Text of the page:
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1. Murder of Paul I

In the last decade of the 18th century, most European monarchs wanted to destroy revolutionary France in order to prevent its infectious ideas from spreading to their states. Russian Emperor Paul I wasn’t an exception.

As time passed, however, Paul I became very disappointed that the confrontation with the French was yielding no benefit for Russia. While the tsar’s troops were spilling blood and guts, the British and Austrians remained on the sidelines, scooping up the spoils of Russia’s hard-fought victories. 

The last straw was Britain’s seizure of Malta in 1800, and after dislodging the French garrison they kept the island for themselves instead of returning it to the Knights of Malta. Paul, who was Grand Master of the order, took this as a personal insult.

To the horror of the British, the Russian emperor dramatically changed the course of his foreign policy. He befriended the former enemy, Napoleon, and together with the French ruler planned a joint campaign into India, the British Empire’s main source of wealth.

“Together with your sovereign, we will change the face of the world!” Napoleon told the Russian envoy in Paris.

The plan called for using over 70,000 French and Russian soldiers to fight the East India Company’s troops in India, and the first force – a Cossack detachment under Ataman Matvey Platov – started their march to the borders of Afghanistan on March 13, 1801.

However, the invasion was fated never to take place. On March 23, 1801, Paul I was murdered as a result of court intrigue in which Britain, and personally the British diplomat Lord Charles Whitworth, played an active role. The British had been financing the plot and even awarded the conspirators with a “bonus” after the deed was done. 

One of the first decrees of the new emperor, Alexander I, was to order Platov’s Cossacks to return home. Soon, Russia and Great Britain were allies again.

Napoleon reacted furiously to the death of his Russian ally: “They missed me on the third of Nivôse [the fourth month of the French Republican calendar, and a reference to an attempt on Napoleon’s life on Dec. 24, 1800, in which the British were implicated], but got me in St. Petersburg.”

2. Massacre of Russian embassy in Tehran

Alexander Griboyedov

On the early morning of February 11, 1829, an enormous horde of almost 100,000 Persians, armed with knives, stones and sticks, attacked the Russian embassy in Tehran, which was guarded only by 35 Cossacks. The Persians literally tore apart the Russians, who included the ambassador himself, the great poet Alexander Griboyedov.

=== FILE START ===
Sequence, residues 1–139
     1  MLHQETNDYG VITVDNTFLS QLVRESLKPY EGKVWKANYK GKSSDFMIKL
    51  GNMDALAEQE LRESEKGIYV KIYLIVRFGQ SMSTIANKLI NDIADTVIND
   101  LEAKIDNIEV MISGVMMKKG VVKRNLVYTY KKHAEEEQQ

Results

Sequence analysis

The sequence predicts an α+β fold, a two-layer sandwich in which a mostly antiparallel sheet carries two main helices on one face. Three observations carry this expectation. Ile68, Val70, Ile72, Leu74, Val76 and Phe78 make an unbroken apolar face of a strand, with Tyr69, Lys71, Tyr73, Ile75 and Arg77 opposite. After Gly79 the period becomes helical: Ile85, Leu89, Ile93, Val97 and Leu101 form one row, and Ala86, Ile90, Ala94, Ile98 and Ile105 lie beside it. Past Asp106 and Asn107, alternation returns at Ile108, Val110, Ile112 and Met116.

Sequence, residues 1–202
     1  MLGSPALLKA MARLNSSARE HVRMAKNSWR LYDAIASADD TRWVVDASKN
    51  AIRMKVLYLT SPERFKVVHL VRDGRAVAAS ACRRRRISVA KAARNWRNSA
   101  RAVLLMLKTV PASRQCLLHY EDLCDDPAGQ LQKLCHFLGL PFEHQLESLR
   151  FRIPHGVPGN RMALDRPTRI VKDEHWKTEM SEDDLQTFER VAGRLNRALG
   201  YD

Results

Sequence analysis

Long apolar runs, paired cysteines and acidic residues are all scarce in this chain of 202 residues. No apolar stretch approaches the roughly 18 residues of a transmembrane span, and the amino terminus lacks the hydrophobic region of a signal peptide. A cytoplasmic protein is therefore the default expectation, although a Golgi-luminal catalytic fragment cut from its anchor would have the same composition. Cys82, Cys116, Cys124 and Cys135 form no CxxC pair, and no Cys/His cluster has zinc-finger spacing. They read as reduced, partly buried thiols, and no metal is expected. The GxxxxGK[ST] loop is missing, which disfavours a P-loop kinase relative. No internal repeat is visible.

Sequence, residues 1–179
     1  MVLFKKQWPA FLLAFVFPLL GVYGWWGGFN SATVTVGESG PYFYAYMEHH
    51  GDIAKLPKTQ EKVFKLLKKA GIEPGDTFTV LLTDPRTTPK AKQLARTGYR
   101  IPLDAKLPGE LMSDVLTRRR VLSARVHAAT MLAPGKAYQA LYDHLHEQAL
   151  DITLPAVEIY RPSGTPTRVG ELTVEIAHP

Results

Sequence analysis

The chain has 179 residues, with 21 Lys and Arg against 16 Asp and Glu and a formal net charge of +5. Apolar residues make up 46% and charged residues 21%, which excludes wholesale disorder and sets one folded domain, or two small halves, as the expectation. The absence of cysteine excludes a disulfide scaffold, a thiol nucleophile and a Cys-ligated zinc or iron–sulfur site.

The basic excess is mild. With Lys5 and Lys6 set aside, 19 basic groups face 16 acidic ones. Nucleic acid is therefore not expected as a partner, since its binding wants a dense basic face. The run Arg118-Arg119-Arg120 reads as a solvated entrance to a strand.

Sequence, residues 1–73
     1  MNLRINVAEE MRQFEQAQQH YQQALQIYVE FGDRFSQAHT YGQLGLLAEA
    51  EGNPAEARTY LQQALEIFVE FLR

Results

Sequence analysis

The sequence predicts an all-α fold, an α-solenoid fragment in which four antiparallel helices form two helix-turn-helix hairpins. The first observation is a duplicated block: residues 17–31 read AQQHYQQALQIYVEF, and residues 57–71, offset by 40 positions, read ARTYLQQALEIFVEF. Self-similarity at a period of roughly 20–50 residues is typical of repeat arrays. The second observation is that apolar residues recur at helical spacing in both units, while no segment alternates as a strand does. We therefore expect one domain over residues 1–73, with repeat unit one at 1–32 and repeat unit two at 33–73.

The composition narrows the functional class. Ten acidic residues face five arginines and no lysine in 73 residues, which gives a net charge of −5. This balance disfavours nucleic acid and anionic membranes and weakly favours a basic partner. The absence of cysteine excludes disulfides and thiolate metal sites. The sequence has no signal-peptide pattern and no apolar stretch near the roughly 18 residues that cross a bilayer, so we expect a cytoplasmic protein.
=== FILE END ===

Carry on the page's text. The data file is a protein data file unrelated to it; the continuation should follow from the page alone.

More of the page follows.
This crime was precipitated by the fact that the Russians provided refuge to the local Armenians who fled to their historical homeland, a part of the Russian Empire. One such Armenian was not a common man. Jakub Markaryan Mirza, who served as a eunuch in the Shah’s harem, was also the main treasurer and keeper of the Shah’s jewellery. He knew too many secrets to be allowed to flee to an enemy state.

After all requests to return Markaryan Mirza were refused by Griboyedov, the Persian ruler, Fath-Ali Shah Qajar, ordered to incite the mob, which was already outraged by the country’s recent defeat in yet another Russo-Persian war. The angry mob killed the Russians and Makaryan, who had found shelter at the embassy.

Many believed that the British stood behind the cruel plan that inspired the Persians. The Russian and British empires were locked in the “Great Game” for dominance in Central Asia, and a new Persian-Russian war would help them greatly. 

“Now the Englishmen are triumphing, assuring the Persians that we (Russians), being in the vigilante war against Turkey, can’t do anything to them. They say that England will soon declare war on Russia and advise crown prince Abbas Mirza to attack our border regions,” wrote the only survivor of the Tehran massacre, secretary Ivan Maltsov, in a letter to Russian Foreign Minister Karl Nesselrode.

The Shah, however, wanted just to kill Makaryan Mirza, not to launch a new war. Russia remained stuck in the war against the Ottomans and wished to avoid a conflict with Persia. That’s why the incident was hushed up. 

3. Murder of Rasputin 

Left: Oswald Rayner. Right: Rasputin with the Romanov family

While the British role in the assassination of Griboyedov and Paul I remained in the shadows, the murder of Grigory Rasputin was made with active and outright British participation.

One of the most mystical figures in Russian history, Rasputin was a favorite of Empress Alexandra, and significantly influenced the entire Romanov family. By 1916, Rasputin had gained such power that he directly advised Emperor Nikolai how to conduct the war.

This was unacceptable among the emperor’s circle, which realized what catastrophe could result from the activity of this “holy man.” When Nikolai dismissed all demands and requests to remove Rasputin, the conspirators began to act.

The big question, of course, is what role the British played in this plot: whether they completely organized it themselves, or just joined it. In any case, Great Britain would certainly benefit from Rasputin’s assassination.

The secret intelligence service (SIS) was sure that Rasputin was a German agent. They feared that “Dark Forces” (a codename for Rasputin) and his patron, Empress Alexandra, ( of German origin) were preparing a separate peace with Germany, as well as Russia’s exit from the war.

Whatever the reasons, the British dealt the final blow. It is believed that the kill shot into Rasputin’s head was made by a British SIS agent, Oswald Rayner, who along with the Russian conspirators ended the life of the “mad monk” on December 30, 1916. 

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from https://www.rbth.com/history/330814-3-successful-secret-british-plots

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